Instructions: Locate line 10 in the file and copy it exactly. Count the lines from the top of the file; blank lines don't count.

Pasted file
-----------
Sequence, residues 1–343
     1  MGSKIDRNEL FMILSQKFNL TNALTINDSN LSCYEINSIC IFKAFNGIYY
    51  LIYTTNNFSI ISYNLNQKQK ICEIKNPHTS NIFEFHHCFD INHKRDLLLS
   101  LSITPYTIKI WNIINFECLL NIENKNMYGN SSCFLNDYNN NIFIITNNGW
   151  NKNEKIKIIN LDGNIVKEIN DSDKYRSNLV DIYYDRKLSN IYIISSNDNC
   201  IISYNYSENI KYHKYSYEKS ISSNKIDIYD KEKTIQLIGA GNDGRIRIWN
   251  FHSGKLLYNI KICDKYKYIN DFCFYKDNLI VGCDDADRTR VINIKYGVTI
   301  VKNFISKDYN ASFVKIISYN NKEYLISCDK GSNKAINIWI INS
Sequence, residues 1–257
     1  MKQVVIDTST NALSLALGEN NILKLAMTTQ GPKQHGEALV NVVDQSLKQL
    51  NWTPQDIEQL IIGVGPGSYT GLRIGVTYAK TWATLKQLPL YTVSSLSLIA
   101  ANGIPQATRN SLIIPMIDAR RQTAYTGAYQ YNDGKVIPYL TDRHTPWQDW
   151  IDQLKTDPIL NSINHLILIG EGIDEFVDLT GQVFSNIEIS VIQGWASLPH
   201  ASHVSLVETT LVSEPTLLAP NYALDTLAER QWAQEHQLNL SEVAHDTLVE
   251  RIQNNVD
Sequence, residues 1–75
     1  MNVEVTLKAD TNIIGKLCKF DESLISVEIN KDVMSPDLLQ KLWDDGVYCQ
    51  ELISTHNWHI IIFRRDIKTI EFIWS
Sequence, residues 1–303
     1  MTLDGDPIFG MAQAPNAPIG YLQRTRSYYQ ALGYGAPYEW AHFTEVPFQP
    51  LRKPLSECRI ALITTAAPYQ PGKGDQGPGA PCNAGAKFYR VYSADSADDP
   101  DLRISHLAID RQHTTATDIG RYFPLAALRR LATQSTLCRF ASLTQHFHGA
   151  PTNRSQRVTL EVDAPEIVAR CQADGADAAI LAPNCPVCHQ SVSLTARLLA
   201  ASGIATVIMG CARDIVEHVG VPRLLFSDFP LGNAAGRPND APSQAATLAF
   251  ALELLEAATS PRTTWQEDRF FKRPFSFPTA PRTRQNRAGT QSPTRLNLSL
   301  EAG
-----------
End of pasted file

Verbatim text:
     1  MKQVVIDTST NALSLALGEN NILKLAMTTQ GPKQHGEALV NVVDQSLKQL